Greek mythology is often part of literature classes or part of studies throughout school. Students read books like Homor's "The Iliad" or "The Odyssey" while in middle or high school, and even college. When looking for courses in Greek mythology in colleges, the classes are usually part of the school's Classics Division where students study classic works from Greek, Roman and Latin mythology or literature.
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Greek and Roman Mythology
Most colleges offer a course in Greek and Roman mythology. The myths of the Greeks and Romans were very similar, usually providing the same stories or similar stories with different names. The gods and goddesses of both cultures were the same, but had different names. For example, Aphrodite is the Greek goddess of love, while Venus is her Roman name. Many times, the two groups are studied together. In these courses, students study the common myths of Greeks and Romans and is an introduction to the study of mythology.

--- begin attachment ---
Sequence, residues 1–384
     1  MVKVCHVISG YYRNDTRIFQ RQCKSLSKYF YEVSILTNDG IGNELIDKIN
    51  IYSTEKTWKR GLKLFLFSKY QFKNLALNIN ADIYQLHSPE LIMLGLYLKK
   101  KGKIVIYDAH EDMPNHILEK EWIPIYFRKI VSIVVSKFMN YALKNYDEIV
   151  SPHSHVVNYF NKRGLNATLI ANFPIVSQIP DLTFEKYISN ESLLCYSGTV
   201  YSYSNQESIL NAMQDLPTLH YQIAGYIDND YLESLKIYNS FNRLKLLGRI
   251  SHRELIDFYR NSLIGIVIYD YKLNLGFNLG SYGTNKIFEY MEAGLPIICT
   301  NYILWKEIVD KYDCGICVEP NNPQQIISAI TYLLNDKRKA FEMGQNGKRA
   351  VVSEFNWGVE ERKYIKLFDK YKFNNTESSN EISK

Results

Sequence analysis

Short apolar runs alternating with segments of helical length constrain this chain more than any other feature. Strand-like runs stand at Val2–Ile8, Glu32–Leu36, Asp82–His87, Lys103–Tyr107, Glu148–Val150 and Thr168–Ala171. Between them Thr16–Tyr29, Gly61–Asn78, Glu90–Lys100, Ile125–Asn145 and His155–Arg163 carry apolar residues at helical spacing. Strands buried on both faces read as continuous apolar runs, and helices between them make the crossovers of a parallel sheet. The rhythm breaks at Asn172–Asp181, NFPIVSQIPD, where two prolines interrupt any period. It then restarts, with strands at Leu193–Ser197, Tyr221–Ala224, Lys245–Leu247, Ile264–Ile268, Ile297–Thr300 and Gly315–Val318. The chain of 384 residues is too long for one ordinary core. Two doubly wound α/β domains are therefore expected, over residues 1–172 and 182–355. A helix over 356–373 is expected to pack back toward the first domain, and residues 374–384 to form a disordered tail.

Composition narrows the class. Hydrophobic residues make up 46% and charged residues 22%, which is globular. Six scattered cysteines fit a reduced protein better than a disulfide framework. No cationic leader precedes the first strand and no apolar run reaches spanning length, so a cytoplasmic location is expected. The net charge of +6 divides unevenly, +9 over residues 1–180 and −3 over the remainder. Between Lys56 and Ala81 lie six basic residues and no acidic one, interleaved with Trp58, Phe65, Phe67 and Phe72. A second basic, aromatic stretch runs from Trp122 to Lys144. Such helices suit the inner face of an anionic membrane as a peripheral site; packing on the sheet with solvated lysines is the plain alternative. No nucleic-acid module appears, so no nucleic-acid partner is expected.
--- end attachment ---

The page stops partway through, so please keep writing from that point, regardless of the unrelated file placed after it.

In the case of a course in Greek mythology, without the study of Roman myths at the same time, the students not only study the myths of the ancient Greeks, but also the cultural background, the location and the creation of Greek myths. The course is an in-depth study of the myths from the roots to the creation of stories, rather than just reading the myths.
Greek Mythology and Religion
Colleges might combine Greek myths with the study of ancient Greek religion. The myths of the ancient Greeks are closely related to the religion; thus, the study gives information about both topics. The study starts with the myths, then determines how the myths fit into the religion.
Women in Greek Mythology
Some colleges might offer courses specifically studying the women in the myths. The Greeks often included women in their stories. The women range between the study of goddesses, various women in the myths, the study of maidenhood in Greek mythology and even the hero patterns of the myths applied to women.
Greek tragedy courses study the myths associated with tragic outcomes, or which have sad endings, rather than a positive and happy ending. The Greek tragedies focus on the sad outcomes, such as the story of Antigone, who was sacrificed to the gods so the Greeks could go after her aunt, Helen, when she went to Troy. Greek tragedy studies break down the tragedy into the story, the hero, the tragedy and the religion. There are usually a few courses in Greek tragedy studies in Greek courses.
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